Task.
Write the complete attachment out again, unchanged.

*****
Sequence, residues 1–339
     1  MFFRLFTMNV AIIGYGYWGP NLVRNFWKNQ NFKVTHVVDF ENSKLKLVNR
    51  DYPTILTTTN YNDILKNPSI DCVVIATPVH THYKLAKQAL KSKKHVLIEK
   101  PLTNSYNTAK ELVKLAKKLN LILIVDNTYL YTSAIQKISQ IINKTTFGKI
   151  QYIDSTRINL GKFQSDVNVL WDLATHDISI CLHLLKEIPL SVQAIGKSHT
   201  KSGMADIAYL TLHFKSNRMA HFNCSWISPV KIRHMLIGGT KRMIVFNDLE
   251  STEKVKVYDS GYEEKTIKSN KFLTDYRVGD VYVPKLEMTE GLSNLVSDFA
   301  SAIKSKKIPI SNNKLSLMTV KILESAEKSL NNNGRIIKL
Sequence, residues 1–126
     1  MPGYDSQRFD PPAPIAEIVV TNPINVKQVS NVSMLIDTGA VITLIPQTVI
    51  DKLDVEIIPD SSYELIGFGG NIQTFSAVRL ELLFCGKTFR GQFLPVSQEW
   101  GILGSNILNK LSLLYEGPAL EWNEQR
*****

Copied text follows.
Sequence, residues 1–339
     1  MFFRLFTMNV AIIGYGYWGP NLVRNFWKNQ NFKVTHVVDF ENSKLKLVNR
    51  DYPTILTTTN YNDILKNPSI DCVVIATPVH THYKLAKQAL KSKKHVLIEK
   101  PLTNSYNTAK ELVKLAKKLN LILIVDNTYL YTSAIQKISQ IINKTTFGKI
   151  QYIDSTRINL GKFQSDVNVL WDLATHDISI CLHLLKEIPL SVQAIGKSHT
   201  KSGMADIAYL TLHFKSNRMA HFNCSWISPV KIRHMLIGGT KRMIVFNDLE
   251  STEKVKVYDS GYEEKTIKSN KFLTDYRVGD VYVPKLEMTE GLSNLVSDFA
   301  SAIKSKKIPI SNNKLSLMTV KILESAEKSL NNNGRIIKL
Sequence, residues 1–126
     1  MPGYDSQRFD PPAPIAEIVV TNPINVKQVS NVSMLIDTGA VITLIPQTVI
    51  DKLDVEIIPD SSYELIGFGG NIQTFSAVRL ELLFCGKTFR GQFLPVSQEW
   101  GILGSNILNK LSLLYEGPAL EWNEQR